The next auction will be world military postal history. It will be posted in the next two or so weeks and close one month after that.
Last week brought another 100 new world covers from Asia and Africa. There is a nice range of covers from Egypt, French West Africa and Palestine and Israel. Please note markings, postal stationery, airmail and some military related. Please click here to see the covers.
Stamps Plus offers a wide range of material, both basic stamps and specialty items. Expect to see used and unused, sets and singles as well as unused stationery, first days, revenues, and the gamut of philatelic items not listed in the catalog. This week we have a nice range of Austria, Canada, Ghana, Switzerland, worldwide postal stationery and worldwide stamps. Please click here to visit the site.
Browse This Site
Cover Notification Service - Receive an e-mail notification every time a new cover that fits your interests is added to this site. You can set up the notifications yourself or have me set them up for you. If your interests are fairly general, for example a single country, you can set them yourself . If your interests are more specific, like a particular issue, you might find it easier to ask me to set them up. If you choose to set up your interests yourself, I'll review them to make sure they will work the way you intend.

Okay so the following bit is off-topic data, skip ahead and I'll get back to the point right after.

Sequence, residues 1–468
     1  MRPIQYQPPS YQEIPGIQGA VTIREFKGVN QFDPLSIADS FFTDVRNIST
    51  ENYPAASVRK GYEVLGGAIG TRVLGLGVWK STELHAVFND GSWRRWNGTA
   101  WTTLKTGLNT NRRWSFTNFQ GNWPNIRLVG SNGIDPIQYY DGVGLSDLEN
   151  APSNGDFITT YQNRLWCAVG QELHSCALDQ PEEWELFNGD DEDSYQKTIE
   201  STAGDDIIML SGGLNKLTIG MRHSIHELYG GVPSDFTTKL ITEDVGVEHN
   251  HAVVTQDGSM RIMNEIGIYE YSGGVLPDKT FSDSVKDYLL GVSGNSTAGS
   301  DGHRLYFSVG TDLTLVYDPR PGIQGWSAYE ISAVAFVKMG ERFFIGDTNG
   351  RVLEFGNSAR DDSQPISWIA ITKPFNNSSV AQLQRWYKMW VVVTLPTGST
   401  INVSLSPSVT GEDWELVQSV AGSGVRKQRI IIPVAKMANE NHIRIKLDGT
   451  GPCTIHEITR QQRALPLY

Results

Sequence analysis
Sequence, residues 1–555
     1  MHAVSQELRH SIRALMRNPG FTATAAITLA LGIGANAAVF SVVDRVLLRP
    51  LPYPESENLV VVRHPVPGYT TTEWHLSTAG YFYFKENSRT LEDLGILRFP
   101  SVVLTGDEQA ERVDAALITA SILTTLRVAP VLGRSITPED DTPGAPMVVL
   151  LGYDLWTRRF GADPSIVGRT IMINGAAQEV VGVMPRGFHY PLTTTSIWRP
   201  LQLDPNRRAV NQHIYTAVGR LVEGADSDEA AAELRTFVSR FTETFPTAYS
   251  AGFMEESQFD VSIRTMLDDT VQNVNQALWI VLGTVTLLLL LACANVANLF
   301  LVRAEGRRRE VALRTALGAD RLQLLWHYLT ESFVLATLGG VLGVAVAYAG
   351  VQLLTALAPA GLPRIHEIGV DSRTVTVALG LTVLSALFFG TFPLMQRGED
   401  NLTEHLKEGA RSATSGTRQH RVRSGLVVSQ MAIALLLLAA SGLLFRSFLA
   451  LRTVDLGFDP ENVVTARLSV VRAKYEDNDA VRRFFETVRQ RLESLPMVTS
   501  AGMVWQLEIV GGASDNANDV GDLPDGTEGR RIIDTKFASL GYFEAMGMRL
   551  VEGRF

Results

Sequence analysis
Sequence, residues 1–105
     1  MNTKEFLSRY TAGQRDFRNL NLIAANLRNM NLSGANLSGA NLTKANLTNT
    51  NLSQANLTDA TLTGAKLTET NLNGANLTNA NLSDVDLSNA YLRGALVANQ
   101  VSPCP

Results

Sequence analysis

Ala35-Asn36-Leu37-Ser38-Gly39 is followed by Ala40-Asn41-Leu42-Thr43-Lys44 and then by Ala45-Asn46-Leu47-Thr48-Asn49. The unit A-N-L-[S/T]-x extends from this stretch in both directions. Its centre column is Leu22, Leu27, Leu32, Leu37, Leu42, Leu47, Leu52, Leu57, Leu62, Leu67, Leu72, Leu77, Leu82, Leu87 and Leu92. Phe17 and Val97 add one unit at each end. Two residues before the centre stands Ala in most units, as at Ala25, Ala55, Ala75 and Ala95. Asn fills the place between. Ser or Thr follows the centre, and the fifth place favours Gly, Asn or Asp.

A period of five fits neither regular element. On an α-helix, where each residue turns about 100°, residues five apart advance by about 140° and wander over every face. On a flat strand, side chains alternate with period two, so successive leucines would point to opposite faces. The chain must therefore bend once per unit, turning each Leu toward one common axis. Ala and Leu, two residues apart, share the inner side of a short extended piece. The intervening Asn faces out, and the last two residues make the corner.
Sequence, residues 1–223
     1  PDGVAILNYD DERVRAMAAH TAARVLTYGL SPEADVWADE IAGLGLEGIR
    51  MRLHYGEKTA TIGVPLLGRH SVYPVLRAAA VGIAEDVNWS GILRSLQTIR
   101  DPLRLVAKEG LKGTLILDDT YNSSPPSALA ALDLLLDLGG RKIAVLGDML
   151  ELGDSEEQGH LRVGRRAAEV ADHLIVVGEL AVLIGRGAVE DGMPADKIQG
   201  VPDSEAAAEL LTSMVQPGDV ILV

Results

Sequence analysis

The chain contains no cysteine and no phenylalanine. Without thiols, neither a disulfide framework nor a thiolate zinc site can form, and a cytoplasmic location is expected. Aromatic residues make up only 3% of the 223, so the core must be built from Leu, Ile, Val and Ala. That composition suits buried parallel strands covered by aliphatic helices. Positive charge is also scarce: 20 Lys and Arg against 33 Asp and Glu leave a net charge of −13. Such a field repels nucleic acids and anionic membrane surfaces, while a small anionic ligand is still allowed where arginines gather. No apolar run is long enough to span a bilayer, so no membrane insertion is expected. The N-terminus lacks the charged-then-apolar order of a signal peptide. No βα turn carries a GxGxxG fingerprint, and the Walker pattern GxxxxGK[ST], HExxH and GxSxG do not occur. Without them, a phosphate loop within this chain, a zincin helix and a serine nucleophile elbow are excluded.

Worldwide Postal History - Browse here for the country of your interest. Covers begin in the 18th Century and continue to the modern era. The emphasis is on 20th century up to about 1960 for larger countries and to about 1970 for smaller countries, You will find International Airmail, Town Cancels, Auxiliary Markings, Stampless, Registered, Advertising, Censors, Special Delivery and just about anything else you can imagine.
U.S. Postal History - Explore thousands of U.S. covers arranged to be browsed by issue. The stock is strongest in foreign destinations after 1920, but you'll find a bit of everything including 19th century.
U.S. Postal History By State - Use this section to browse for covers based upon the place where they were used. Explore local postal history in hundreds of covers for each state, a bibliography of literature available for each state, and market analysis.